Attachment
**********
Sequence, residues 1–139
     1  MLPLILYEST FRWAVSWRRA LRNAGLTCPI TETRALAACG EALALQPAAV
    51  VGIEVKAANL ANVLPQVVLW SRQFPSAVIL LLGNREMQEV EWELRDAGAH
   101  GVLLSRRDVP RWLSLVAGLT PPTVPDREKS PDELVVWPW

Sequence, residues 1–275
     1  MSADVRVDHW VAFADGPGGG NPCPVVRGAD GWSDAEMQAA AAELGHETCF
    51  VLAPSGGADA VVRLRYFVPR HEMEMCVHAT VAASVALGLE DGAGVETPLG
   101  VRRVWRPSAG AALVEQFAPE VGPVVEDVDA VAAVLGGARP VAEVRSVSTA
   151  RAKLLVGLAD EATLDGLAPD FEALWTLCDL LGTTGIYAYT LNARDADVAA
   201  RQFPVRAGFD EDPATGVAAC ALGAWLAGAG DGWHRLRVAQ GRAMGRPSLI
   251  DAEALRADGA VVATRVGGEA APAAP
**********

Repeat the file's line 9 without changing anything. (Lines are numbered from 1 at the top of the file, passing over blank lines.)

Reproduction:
   151  RAKLLVGLAD EATLDGLAPD FEALWTLCDL LGTTGIYAYT LNARDADVAA